“Liquidity Baking seems like a fantastic idea but the way it’s proposed to be implemented sounds like a top down business decision from someone high up at the Tezos foundation.”
The issue I see has less to do with what type of asset is supported but that there is a proposal by what ought to be a purely technical team to inject some type of “economic policy/stimulus” (beyond simple protocol inflation for network security). It amounts to a commercial decision by a “state actor”, instead of the “private sector”.
To everyone feeling like this, I would recommend taking
a lot of quite some distance on the situation! You might be completely wrong, on two separate dimensions, at the same time!
First thing is, this is not an adversarial project. “The protocol level” is not “top down”, and is not “a state actor”. That’s also not the case for TF, Arthur, tool builders and bakers. I could count on the fingers of one hand the number of people that I worked with who did not have the best interests of Tezos at heart and who tried to impose what they wanted because of their interests.
Trying to frame it that way is fundamentally baker-centered. Consider the following:
- From the core devs point of view: the bakers could just block everything they do and boycott them. TF could just withdraw all funds. Tool builders could just move to other blockchains.
- From TF’s point of view: devs could just move to another blockchain with money and bakers could just liquidate their assets.
- From the tool builders point of view: TF could just withdraw all funds, and core devs + bakers could just vote in amendments that are incompatible with their tools.
Yes, any critical group could blackmail/threaten/veto the others. But this does not mean they are necessarily on top of the others.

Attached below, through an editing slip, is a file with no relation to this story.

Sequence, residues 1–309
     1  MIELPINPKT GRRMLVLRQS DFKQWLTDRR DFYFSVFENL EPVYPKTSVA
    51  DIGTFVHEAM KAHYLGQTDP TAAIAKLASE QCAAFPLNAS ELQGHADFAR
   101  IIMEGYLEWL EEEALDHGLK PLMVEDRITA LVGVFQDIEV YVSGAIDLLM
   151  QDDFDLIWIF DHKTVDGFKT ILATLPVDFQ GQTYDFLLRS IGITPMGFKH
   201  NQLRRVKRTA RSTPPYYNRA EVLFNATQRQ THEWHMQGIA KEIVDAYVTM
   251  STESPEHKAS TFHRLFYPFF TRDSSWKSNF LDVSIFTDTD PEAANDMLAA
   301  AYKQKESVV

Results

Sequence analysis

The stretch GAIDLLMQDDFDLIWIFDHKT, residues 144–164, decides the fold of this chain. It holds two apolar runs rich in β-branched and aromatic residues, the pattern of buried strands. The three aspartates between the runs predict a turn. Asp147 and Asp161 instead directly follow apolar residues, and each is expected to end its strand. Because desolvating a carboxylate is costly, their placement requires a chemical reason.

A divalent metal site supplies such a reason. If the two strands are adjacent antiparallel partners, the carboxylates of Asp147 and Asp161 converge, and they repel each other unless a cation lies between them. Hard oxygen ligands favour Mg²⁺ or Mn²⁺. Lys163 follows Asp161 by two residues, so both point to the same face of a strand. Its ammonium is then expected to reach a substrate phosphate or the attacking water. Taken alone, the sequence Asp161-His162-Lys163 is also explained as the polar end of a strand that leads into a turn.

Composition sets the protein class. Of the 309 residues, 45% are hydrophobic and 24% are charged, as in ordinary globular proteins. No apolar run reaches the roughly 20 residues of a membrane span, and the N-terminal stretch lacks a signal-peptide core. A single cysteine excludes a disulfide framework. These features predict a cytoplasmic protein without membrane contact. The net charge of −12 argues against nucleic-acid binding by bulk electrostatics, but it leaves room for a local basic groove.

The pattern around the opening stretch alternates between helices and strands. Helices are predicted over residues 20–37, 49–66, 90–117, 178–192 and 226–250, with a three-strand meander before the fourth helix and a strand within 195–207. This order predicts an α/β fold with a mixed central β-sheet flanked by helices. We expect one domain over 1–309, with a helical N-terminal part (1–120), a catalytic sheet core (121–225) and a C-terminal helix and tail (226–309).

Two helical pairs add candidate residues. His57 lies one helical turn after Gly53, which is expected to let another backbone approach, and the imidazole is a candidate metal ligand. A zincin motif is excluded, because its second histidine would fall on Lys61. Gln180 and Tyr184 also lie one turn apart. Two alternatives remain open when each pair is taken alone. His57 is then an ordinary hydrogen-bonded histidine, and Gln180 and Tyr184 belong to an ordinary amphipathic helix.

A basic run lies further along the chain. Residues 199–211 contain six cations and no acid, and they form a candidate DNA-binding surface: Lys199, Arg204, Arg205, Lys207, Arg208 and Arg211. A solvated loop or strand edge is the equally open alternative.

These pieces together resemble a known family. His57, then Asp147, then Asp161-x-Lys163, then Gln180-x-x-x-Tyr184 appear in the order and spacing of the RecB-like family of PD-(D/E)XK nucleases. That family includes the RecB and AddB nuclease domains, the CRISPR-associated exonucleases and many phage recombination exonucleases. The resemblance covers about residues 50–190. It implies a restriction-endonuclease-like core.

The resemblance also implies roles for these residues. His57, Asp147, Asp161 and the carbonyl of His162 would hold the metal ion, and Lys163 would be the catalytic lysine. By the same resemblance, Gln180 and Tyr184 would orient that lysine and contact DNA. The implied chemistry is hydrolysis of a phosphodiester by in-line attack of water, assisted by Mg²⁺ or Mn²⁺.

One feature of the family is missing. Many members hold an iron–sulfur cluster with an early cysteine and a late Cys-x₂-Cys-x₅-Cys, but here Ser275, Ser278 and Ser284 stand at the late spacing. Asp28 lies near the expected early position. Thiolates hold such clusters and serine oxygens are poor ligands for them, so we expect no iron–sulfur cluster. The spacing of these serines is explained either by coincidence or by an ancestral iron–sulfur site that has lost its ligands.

At some point, one has to realize that we are all in this together. Of course, if someone is a bad actor, we need to kick them out. But by default, one should just assume good faith and trigger the fire alarm only when there is actual smoke.
Second thing is, if you still want to frame it as a conflict between groups, with different groups trying to impose on each other, then keep in mind that you are likely in the wrong group! Core devs have very little direct feedback from other actors, despite constantly being open to it and having nearly everything they do out in the open on Gitlab.
Even with that little feedback, in practice, they still try to integrate everyone points of view, and do so with the double pressure of needing to move quickly and keeping everything safe. I know more than one core dev who burnt out over taking this pressure seriously. There is literally no other group in the ecosystem that takes things as personally.
Core devs know all the nitty gritty of the protocol, the actual low-level technical boring constraints, and have to actually do the stuff. You would be hard pressed to do more “bottom up” than “this came from core devs”.
Finally, my point is not that core devs are perfect little angels. I literally left Nomadic and built my own team, I obviously have my reasons to do so. But despite having done so, I am still working together with them to improve on what exists.
So, my point is more that trying to improve on what currently exists more looks like what I am doing than not participating on Tezos Agora and then participating in a controversy.
To conclude, my message to people that were on the
Announcing Granada thread would be:
- If you got baited by the controversy on LB to this topic, move on with your day, there is likely nothing interesting for you there. As is the case with most controversies.
- If you have a concrete and urgent problem with the LB proposal, make a new thread, short and to the point, dedicated to that problem. I’ll do what I can to make sure it is replied to and taken care of if needed.
- If you want to help building a better governance process, make a new thread with your ideas and reach out to me! I also want to improve the governance process, and will help you if your ideas are good. If they are not, I will make sure to explain why that is the case.
- Regardless of who you are, please participate more on Tezos Agora! For instance, if you build tools or DApps, you might be interested in Views TZIP